Background The transmural extent of myocardial infarction (MI) assessed by late gadolinium enhancement (LGE) cardiovascular magnetic resonance (CMR) is a reference standard for prediction of functional recovery. In acute MI (AMI), myocardial oedema and effects of reperfusion therapy reduce the predictive accuracy of LGE. LGE assesses tissue dichotomously as “viable” or “non-viable”, but does not consider severity of tissue damage within the hyperenhanced infarct zone. Extracellular volume (ECV) estimation, using native and post-contrast T1 mapping CMR, allows for quantitative assessment of severity of myocardial damage. We aimed to assess if CMR measurement of infarct ECV offers additional predictive value over LGE extent for contractile recovery in reperfused AMI.
Methods 35 patients with first ST-segment elevation AMI treated by primary percutaneous coronary intervention underwent acute (day 2) and convalescent (3 months) CMR at 3 Tesla. Cine imaging, tissue tagging, modified Look-Locker inversion T1 mapping (3–3–5 acquisition with 3x R-R interval recovery epochs) natively and 15 min post gadolinium-contrast administration and LGE imaging at 20 min were performed. The ability of acute infarct ECV and acute transmural extent of LGE to predict convalescent wall motion, ejection fraction (EF) and strain were compared. A per-patient analysis was performed using a region of interest corresponding to the core of the infarct, excluding any microvascular obstruction (MO). Segmental analysis was also performed and evaluated using a multilevel linear mixed-effects model to account for non-independence of segmental data.
Results Per-patient, ECV and transmural extent of LGE correlated with convalescent wall motion score (r = 0.43, p < 0.01; r = 0.41, p = 0.02 respectively) and convalescent EF (r = -0.56, p < 0.01; r = -0.36, p = 0.04). Per-segment, acute ECV and LGE transmural extent were associated with convalescent wall motion score (β = 0.55, r = 0.54, p < 0.01; β = 0.50, r = 0.50, p < 0.01, Figure 1). ECV had higher accuracy than LGE to predict improvement in wall motion (area under receiver-operator-characteristics (ROC) curve 0.77 vs. 0.68, p = 0.02, Figure 2). ECV of ≤0.5 had sensitivity 81% and specificity 65% for prediction of improvement in segmental function. Adding ECV analysis to a 50% LGE transmural extent cut-off for prediction of improved wall motion in dysfunctional segments increased sensitivity from 87% to 89% and specificity from 34% to 81%. In multivariable analysis, acute infarct ECV was independently associated with both convalescent infarct strain and EF (β = 0.58, p < 0.001; β = -0.39, p = 0.02) whereas LGE was not (β = 0.13, p = 0.35; β = -0.20, p = 0.2). ECV in patients with and without MO was similar (0.54+/-0.18 vs. 0.57+/-0.10, p = 0.6).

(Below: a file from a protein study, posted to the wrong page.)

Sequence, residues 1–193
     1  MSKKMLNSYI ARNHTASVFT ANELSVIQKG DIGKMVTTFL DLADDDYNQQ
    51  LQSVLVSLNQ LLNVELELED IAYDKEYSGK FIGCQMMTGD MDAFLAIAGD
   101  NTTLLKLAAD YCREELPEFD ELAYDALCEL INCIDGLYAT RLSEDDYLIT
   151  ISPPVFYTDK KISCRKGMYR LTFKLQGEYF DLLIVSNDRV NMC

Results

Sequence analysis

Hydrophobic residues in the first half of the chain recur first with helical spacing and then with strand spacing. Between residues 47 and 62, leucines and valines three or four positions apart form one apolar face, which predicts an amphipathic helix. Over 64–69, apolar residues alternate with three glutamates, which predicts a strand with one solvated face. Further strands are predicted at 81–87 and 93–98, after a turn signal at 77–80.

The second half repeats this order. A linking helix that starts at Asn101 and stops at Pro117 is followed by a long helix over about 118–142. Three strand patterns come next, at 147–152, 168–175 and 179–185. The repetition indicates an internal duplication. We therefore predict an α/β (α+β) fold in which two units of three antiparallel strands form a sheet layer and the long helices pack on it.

Conclusions Acute infarct ECV in reperfused AMI predicts LV functional recovery, and is both independent of and more accurate than transmural extent by LGE. There is clinical utility for ECV mapping post-AMI.
- Acute myocardial infarction
- Cardiovascular magnetic resonance
- Contractile function
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